Preserving the cloud forest through Ethiopian-German partnership
A multifaceted project to preserve one of the last of Ethiopia's native forests has been underway for the past four years with the support of Germany's International Climate Initiative and NABU, the Nature and Biodiversity Conservation Union. The project focuses on reforestation, job creation in the region and the introduction of sustainable forest management practices. The area was officially named a UNESCO Biosphere Reserve earlier this year.
Ethiopia, in addition to other challenges, faces rampant deforestation. Just decades ago, 40 percent of the country was covered by forest, today there is less than three percent. UN predictions are that by 2020 Ethiopia could lose all of its remaining forests.
Germany's International Climate Initiative (ICI) and its Nature and Biodiversity Conservation Union (NABU) have partnered with the government of Ethiopia to prevent this eventuality. Together, a project has been identified, designed and begun in the southwest Kafa region to preserve one of the last remaining afromontane cloud forests. It attempts not only to reforest, but address the root causes of deforestation in this area by introducing sustainable practices for the communities surrounding the forest and job creation through developing a related ecotourism infrastructure.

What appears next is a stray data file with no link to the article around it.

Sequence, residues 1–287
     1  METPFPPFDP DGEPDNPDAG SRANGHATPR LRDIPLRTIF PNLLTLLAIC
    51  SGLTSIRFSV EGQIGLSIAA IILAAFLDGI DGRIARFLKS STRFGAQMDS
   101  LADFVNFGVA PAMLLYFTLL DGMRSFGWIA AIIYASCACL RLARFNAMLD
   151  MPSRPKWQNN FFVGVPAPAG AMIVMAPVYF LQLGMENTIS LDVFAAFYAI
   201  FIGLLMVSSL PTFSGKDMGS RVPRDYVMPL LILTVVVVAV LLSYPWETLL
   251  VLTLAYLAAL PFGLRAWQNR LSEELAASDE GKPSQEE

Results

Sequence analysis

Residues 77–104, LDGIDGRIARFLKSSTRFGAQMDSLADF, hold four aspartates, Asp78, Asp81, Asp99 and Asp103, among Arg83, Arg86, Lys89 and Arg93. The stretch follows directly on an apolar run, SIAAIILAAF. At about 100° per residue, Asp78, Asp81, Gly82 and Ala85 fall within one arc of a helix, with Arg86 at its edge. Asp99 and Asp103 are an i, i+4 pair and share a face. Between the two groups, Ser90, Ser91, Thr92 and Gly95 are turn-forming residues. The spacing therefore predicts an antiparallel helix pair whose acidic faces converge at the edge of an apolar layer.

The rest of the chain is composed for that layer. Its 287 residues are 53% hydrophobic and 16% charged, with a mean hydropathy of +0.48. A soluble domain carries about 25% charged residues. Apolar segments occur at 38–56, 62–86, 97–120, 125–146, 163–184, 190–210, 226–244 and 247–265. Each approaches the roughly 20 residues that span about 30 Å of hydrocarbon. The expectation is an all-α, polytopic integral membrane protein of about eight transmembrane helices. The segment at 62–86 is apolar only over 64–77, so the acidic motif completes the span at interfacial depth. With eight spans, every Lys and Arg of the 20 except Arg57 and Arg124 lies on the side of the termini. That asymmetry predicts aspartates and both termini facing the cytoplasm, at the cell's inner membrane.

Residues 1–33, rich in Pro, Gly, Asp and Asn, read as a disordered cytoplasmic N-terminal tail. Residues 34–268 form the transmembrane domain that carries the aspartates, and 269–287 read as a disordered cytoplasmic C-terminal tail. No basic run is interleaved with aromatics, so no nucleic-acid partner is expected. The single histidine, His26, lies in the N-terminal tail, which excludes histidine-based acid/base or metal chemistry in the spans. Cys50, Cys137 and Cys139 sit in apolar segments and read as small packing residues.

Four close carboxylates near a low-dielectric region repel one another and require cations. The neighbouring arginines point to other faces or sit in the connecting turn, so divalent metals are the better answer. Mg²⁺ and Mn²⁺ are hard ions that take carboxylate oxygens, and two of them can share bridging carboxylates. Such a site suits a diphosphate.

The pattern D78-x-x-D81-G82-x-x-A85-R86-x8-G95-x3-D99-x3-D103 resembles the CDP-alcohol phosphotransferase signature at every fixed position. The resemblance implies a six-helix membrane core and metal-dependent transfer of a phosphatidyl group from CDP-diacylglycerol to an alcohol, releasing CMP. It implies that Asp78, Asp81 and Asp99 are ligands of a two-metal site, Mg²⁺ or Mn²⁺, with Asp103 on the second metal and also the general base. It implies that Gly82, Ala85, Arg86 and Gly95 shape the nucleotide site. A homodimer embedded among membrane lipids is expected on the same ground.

Relying on the local expertise and support of Ethiopian NGOS, government and the immediate community, NABU's offices on the ground developed a project that takes an integrative approach against forest destruction and climate change. The three-pronged approach conserves the forest, addresses the needs of the local population and enhances the livelihoods of the nearby communities.
The four-year project (2009-2013) will involve reforesting, surveying and analysing the state of the forest and utilization vis á vis firewood, introduction of energy-saving stoves, the selection of suitable sites for community plantations, the training of rangers to contribute to forest monitoring, offer guided tours, and inform local communities and visitors about nature conservation, and developing a concept for ecotourism.
In regards to its tourism potential, this last afromontane cloud forest and home of the Arabica-coffee received a much needed boost in March of this year when it was inaugurated as one of UNESCO's Biosphere Reserves. As such it is including in the network of 580 sites in 114 countries that are recognized as dynamic and interactive sites of excellence. The goal of these reserves is to foster the harmonious integration of people and nature for sustainable development.
Support for the project comes from the ICI which supplements German development cooperation with a clear focus on climate protection. In its third year of existence, the ICI has 181 projects in 61 partner countries with financial commitments amounting to 357 million Euro. Currently, 10 percent of its projects are committed to dealing with measures for climate adaptation. They hope to increase this to 35 percent by 2012.
For more detailed information about the NABU Kafa Zone project